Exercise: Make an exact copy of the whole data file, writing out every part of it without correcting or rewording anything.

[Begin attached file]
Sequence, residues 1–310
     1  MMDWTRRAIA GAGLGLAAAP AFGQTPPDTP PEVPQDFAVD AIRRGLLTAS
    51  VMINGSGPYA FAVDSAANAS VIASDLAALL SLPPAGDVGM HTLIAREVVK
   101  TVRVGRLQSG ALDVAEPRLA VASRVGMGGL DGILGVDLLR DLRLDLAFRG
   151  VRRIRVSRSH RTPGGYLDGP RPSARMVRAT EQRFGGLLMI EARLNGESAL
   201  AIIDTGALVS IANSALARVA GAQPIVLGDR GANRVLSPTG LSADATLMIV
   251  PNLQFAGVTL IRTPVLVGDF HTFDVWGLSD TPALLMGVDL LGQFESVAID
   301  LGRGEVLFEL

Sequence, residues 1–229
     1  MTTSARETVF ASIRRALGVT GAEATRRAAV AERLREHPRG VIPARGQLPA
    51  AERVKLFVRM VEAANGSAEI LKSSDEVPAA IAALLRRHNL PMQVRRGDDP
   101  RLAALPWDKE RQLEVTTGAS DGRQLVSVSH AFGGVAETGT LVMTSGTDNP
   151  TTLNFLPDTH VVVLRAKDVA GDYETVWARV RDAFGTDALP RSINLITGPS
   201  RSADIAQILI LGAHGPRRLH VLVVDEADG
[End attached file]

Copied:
Sequence, residues 1–310
     1  MMDWTRRAIA GAGLGLAAAP AFGQTPPDTP PEVPQDFAVD AIRRGLLTAS
    51  VMINGSGPYA FAVDSAANAS VIASDLAALL SLPPAGDVGM HTLIAREVVK
   101  TVRVGRLQSG ALDVAEPRLA VASRVGMGGL DGILGVDLLR DLRLDLAFRG
   151  VRRIRVSRSH RTPGGYLDGP RPSARMVRAT EQRFGGLLMI EARLNGESAL
   201  AIIDTGALVS IANSALARVA GAQPIVLGDR GANRVLSPTG LSADATLMIV
   251  PNLQFAGVTL IRTPVLVGDF HTFDVWGLSD TPALLMGVDL LGQFESVAID
   301  LGRGEVLFEL

Sequence, residues 1–229
     1  MTTSARETVF ASIRRALGVT GAEATRRAAV AERLREHPRG VIPARGQLPA
    51  AERVKLFVRM VEAANGSAEI LKSSDEVPAA IAALLRRHNL PMQVRRGDDP
   101  RLAALPWDKE RQLEVTTGAS DGRQLVSVSH AFGGVAETGT LVMTSGTDNP
   151  TTLNFLPDTH VVVLRAKDVA GDYETVWARV RDAFGTDALP RSINLITGPS
   201  RSADIAQILI LGAHGPRRLH VLVVDEADG